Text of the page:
Mar 26, 2020

Welcome home! Pretty cool, isn’t it? Who would have known that your job could be done just as effectively through the internet? COVID-19 is out there, but you’re in here, and now you’ve got a home office to organize! You’ve heard about going stir-crazy in isolation before, but honestly, how bad could it be?

🎉   Life-changingly bad, actually!   🎉

Stop unwrapping your new Post-its dispenser for a minute. You need to organize your mind now, not your desk.

Going remote is a major change. It isn’t the difference between a Mac or a PC, an in-person meeting versus a video call, or even working a different shift. Going remote is more akin to starting kindergarten or getting a new job. It’s a fundamental restructuring of your life that can lead to structural changes in your brain[1].

And yes, I cited that. Structural changes. In your brain. You need to take this seriously, early.

My goal here is to relate what I’ve learned as a borderline hikikomori, remote worker, and cottage industrialist about staying sustainably sane in the merciless, isolated hellscape that is one’s comfy, safe home. It’s all quite simple if you understand how to keep your mental health in tact, but after a lifetime of having needs automatically met by your daily routine, you’ve likely forgotten (or never even realized) many of them exist.

Calm Yourself

Now that you’re not commuting, you have a little extra time each day. My most enthusiastic recommendation is to devote this time to mindfulness meditation. And don’t worry, there’s an app for that.

When you’re isolated for too long, you’re at high risk for anxiety and depression[2]. These can form a feedback loop with isolation, causing you to become ever more isolated, anxious, and depressed. Normally you’d want to break that loop partly by boosting your social interaction, but remote work can make that difficult–plus, killer virus and all.

bathtub
A hot bath is not as effective as meditation, but it’s nice! Consider treating yourself to additional relaxation techniques.

Luckily, mindfulness meditation is as effective a tool against anxiety and depression as anti-depressants or behavioral therapy[3]. You don’t need a prescription or a therapist to use it on yourself, and you don’t have to wait until you’re feeling like hell to make this change. (Note: If you’re already struggling with anxiety or depression, don’t just use mindfulness–you should be using it as a component of a treatment plan. Please see a professional.)

You won’t feel instantaneous results. You probably won’t even feel relaxed (mindfulness meditation and progressive relaxation meditation are very, very different things). Do it anyway, do it regularly, and start yesterday.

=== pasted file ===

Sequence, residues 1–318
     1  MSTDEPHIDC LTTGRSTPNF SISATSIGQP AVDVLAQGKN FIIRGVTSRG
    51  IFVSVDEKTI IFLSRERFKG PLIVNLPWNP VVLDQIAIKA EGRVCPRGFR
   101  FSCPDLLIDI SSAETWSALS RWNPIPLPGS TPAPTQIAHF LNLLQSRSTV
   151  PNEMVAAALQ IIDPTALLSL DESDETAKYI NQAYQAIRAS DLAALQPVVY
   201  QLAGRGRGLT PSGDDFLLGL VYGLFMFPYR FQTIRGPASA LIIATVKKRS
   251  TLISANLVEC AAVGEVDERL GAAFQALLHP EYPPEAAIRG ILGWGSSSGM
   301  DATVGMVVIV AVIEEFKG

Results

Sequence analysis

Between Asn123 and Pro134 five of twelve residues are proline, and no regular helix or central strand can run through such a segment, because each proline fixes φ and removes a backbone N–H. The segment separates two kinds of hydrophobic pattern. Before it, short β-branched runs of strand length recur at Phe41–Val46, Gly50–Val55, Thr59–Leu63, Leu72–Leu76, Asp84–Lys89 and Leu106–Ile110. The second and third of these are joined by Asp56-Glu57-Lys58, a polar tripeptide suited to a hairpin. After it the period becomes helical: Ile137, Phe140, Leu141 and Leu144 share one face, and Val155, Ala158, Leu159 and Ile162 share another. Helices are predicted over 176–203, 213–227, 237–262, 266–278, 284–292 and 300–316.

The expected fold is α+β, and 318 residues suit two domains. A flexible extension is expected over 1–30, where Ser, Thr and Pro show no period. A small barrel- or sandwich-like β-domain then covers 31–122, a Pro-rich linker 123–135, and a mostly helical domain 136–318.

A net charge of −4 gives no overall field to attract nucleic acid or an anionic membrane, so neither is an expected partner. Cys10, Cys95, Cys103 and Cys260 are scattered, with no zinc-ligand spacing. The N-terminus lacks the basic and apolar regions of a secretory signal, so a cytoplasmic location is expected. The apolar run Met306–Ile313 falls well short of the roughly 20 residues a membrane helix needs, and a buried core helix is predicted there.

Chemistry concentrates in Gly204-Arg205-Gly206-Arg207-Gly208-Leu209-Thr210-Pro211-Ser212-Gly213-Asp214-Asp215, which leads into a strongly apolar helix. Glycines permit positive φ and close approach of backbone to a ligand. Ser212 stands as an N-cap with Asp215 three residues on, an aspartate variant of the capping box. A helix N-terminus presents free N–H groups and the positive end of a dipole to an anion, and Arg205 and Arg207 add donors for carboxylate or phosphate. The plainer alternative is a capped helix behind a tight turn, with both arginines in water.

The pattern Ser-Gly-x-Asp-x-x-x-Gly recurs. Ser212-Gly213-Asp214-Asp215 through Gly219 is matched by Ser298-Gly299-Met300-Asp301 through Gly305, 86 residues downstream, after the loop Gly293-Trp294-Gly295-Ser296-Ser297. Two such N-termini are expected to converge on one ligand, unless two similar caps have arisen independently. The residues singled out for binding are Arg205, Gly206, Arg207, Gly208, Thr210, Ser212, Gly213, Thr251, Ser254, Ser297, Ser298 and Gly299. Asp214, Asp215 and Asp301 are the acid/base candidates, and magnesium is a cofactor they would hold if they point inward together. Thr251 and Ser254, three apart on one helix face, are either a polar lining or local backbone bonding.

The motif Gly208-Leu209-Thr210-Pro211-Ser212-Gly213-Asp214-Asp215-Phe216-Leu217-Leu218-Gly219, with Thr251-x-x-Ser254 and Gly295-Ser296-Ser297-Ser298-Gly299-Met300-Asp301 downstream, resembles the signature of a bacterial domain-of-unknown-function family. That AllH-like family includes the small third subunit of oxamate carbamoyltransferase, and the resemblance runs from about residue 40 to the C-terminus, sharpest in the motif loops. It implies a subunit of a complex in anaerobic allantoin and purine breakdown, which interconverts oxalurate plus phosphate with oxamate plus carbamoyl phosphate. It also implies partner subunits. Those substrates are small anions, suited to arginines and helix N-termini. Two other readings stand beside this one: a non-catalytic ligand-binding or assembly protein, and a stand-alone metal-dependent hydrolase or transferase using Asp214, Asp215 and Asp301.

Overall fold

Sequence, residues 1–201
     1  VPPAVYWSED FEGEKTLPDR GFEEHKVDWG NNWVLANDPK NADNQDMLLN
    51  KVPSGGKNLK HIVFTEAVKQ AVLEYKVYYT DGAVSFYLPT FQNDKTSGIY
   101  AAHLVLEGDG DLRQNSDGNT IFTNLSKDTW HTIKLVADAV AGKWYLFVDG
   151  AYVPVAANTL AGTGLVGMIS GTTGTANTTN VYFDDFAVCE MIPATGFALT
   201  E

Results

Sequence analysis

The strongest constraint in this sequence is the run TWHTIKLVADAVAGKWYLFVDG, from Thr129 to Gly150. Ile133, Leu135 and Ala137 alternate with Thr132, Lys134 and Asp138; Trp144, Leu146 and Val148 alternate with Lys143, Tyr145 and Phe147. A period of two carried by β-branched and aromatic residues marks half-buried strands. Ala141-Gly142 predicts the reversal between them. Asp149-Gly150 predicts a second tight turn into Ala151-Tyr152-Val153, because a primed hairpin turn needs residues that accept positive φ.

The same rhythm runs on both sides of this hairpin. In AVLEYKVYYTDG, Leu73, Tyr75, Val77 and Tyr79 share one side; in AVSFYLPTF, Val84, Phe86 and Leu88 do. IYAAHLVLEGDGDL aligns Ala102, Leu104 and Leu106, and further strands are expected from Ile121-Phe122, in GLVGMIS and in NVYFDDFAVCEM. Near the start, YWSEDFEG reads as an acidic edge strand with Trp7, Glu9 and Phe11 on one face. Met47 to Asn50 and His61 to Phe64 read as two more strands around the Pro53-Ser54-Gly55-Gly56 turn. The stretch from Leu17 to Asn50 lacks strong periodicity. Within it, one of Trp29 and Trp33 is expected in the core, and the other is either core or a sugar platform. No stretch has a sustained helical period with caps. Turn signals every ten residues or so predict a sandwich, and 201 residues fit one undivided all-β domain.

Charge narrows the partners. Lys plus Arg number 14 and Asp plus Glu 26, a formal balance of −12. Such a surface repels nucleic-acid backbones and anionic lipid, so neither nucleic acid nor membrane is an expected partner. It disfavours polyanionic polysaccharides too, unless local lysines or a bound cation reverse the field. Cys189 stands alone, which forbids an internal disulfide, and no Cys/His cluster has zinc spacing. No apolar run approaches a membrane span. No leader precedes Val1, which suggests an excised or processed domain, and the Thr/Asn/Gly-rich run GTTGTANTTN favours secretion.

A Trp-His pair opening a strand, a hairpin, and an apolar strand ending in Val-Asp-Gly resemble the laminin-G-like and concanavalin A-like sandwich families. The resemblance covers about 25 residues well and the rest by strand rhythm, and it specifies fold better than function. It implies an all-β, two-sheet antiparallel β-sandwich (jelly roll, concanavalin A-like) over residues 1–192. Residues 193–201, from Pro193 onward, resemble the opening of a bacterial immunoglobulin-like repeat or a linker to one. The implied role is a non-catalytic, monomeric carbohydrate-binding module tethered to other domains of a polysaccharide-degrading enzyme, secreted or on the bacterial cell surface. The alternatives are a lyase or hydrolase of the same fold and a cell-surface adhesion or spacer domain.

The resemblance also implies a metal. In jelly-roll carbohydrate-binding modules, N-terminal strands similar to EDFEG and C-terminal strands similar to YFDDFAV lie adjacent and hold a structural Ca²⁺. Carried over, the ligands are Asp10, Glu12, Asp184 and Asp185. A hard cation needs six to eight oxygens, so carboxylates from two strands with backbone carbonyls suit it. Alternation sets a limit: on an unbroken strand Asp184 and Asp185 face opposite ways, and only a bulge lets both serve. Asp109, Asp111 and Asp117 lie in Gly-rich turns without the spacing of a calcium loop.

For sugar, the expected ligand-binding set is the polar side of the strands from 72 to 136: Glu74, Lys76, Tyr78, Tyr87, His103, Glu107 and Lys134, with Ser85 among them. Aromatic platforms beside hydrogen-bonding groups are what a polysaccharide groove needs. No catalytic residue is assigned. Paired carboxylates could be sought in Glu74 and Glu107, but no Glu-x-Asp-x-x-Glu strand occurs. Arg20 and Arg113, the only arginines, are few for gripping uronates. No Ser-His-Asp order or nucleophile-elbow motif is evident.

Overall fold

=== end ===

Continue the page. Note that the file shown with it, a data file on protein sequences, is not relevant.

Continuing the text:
Keep Talking

You are very likely to be lonelier than usual. Loneliness is bad news–it can affect your cognition, decision-making, and threat perception[4], and if left unchecked can even raise your blood pressure[5]. Loneliness has twice the negative effect on your mental health as being obese[6].

And before you head over to Facebook to fix your loneliness, you should know that social media use can keep you lonely[7]among a deluge of other almost comically awful effects seriously delete your Facebook you hopelessly dopamine-addicted primate.

What you need now are meaningful conversations and shared activities. Going remote will likely remove a good chunk of those, so you need to actively replace them.

Stardew Valley screenshot
If you don’t have friends, befriending and harassing the residents of Stardew Valley might hold you over for a few weeks.

Call people regularly. Chat with them about their days. Get your friends to do voice and video together. Find an online game to play while you’re doing that. Not into Overwatch? Then how about Euchre? Pick your favorite craft and do video hangouts with other crafters. Watch YouTube videos together on Watch2Gether. The internet offers many ways you might not have considered before to spend time with friends and meet new people, and now’s the time to start using them!

Exercise Harder

You already know you need to exercise more, and now is the time. If you thought your job was sedentary before, wait until you don’t even have to come in from the parking lot.

It’s difficult to summarize all of the positive effects of exercise. It’s good for your mood, your blood pressure, your A1C, your sleep, your stamina, your immune response, etc. It’s basically good for everything, but for the purposes of keeping you sane, exercise also improves anxiety, depression, self-esteem and cognitive function[8]–areas are where remote work is going to unexpectedly jump out and murder you.

woman and dog walking in the woods
Hikes are healthy and relaxing, and trees can’t cough or sneeze on you.

If you’ve got weights, use them. If you’ve got a Nintendo Switch, buy Ring Fit Adventure and use it. Take a long walk each day. Once this all clears up, if you’re still remote, use your gym membership. Anything.

You also need to stand up–and that’s not metaphorical. Remote work provides little reason to ever leave your chair. Sitting down all day is a great way to get blood clots[9]. Unlike the mental health issues, those will literally murder you, no intermediate steps necessary. Some of the higher-end Fitbits are great at reminding you to move if you have trouble with this.

Sleep with Purpose

I realize I’m probably sounding like your mother by now, but next you need a bedtime.

You can take perfect care of your mental health in all other ways, but a lack of sleep will still ruin it. Poor sleep can lead to depression and anxiety, which can then reinforce themselves by making your sleep even worse[10]. To break this cycle, you need consistent, adequate sleep.

woman using phone
Try not to ruin your sleep cycle with too much artificial light at night.

Ignoring your need for sleep isn’t just terrible for your mental health: It also ruins your ability to pay attention and stay on task. Sleep only six hours a night for ten days and you’ll be as impaired as someone kept awake for 24 hours–except you won’t realize you’re sleep-deprived[11]. It can even cause you to behave more unethically[12]. Want diabetes? Lack of sleep can help get you that, too[13].